IMG_5528I needed a big chart for K-2 so that we could write song/rhyme rhythms.  I wanted something cheap! 🙂 I bought a black foam board (20×30″) at Dollar Tree, then added strips of thick paper such as card stock to form the pockets.  The actual rhythms are written on blank 4×6 note cards.  I laminated them but that isn’t completely necessary.

A foam board is about 20″ wide.  The pocket strips were cut to 20″ wide and about 2″ in height, and then I glued the strips on the left,right, and bottom edge, and then a vertical line about every 4.25″, enough room to slide a 4″ note card into.

Screen Shot 2017-08-26 at 10.51.54 AMThe glued bottom edge serves as a stop for the note card.  The red lines on the photo to the right show where I used glue.

 

 

 

This picture shows rhythmic icons, which required that I copied images onto the note cards.  This is what I use for the song “Bell Horses”.IMG_5526

 

Posted in Bell Horses, Quarter note, quarter rest, Rhythm Chart, Stuff, Two eighths/Qt. | 1 Comment »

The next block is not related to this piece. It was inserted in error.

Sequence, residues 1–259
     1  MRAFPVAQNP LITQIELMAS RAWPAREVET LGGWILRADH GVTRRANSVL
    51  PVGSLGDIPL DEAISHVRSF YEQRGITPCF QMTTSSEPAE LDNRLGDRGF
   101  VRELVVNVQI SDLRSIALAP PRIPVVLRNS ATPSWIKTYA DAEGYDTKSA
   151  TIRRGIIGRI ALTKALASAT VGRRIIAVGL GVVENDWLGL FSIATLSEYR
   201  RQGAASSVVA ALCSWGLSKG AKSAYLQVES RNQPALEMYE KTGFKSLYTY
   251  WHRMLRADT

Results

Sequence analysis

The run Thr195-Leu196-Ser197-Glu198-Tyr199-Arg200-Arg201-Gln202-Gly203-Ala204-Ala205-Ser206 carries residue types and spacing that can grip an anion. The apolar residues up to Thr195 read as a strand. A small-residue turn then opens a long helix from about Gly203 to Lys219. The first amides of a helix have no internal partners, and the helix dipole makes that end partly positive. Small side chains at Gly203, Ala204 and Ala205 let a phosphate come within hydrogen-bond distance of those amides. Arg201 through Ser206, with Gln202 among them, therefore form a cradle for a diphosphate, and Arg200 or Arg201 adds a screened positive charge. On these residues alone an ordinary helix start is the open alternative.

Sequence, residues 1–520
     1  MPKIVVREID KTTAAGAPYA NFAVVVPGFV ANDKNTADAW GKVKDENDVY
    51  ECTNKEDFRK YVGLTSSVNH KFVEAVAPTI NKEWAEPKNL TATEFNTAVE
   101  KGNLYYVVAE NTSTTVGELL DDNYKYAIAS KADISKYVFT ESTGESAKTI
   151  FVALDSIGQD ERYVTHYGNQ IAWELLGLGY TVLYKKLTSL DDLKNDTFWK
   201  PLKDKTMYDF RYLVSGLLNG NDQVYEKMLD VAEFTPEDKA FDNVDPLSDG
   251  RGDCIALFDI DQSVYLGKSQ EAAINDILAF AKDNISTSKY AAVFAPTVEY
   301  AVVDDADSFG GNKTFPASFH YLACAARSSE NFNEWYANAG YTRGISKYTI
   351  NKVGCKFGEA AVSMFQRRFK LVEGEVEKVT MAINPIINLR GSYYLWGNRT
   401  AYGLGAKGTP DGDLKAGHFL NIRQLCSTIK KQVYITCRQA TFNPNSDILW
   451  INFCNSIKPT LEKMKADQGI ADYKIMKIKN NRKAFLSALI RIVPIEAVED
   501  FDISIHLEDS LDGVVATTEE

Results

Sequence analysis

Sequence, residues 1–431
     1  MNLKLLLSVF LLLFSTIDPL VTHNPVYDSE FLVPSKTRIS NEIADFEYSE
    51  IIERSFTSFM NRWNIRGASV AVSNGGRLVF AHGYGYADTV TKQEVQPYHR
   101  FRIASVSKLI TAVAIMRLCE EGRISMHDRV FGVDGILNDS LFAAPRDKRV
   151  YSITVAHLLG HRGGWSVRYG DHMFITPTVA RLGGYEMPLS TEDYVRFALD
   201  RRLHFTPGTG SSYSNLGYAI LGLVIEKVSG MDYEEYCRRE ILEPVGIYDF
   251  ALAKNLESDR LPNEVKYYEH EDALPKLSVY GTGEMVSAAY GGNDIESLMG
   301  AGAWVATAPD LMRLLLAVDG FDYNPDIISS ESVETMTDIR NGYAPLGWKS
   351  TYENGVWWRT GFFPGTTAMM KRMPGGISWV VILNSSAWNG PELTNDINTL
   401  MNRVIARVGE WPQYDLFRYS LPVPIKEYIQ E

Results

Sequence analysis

In and Out (chant)

Posted by lbbartolomeo on August 19, 2017

Screen Shot 2017-08-19 at 11.01.21 AM

A great chant to teach quarter note, quarter rest, and beat bonding!

  1.  Echo speak each line of the chant as you keep a pat/clap beat.  The 2 part pat/clap beat is preferable over a single body percussion choice (patting, clapping) because it forces the children to NOT disregard the rests!
  2. Getting young children to pass a ball or bean bag to a beat is challenging.  The following method has worked so well for me.  Sit in a circle and give everyone a number, with the teacher having the LAST number.  This means you are sitting between the last student number and the number 1 student.
  3. Explain to the students that the ball has to be in their hands on THEIR number.  (If someone passes it too slowly or too quickly, you can explain why they didn’t have possession of the ball on their own number)

    Using numbers reinforces steady beat, so students aren’t inclined to HOLD the ball or RUSH the ball.